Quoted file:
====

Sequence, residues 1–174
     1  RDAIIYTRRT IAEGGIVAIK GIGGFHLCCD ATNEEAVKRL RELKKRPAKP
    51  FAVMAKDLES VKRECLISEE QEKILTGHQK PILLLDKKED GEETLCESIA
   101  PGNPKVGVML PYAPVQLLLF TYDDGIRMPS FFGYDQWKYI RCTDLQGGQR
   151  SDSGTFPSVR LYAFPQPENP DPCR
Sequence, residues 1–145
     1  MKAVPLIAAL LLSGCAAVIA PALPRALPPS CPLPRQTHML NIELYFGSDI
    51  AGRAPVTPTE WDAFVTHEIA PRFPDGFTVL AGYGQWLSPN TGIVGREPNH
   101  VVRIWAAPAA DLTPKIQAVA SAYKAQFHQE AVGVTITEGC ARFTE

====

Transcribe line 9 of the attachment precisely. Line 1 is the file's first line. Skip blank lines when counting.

   101  VVRIWAAPAA DLTPKIQAVA SAYKAQFHQE AVGVTITEGC ARFTE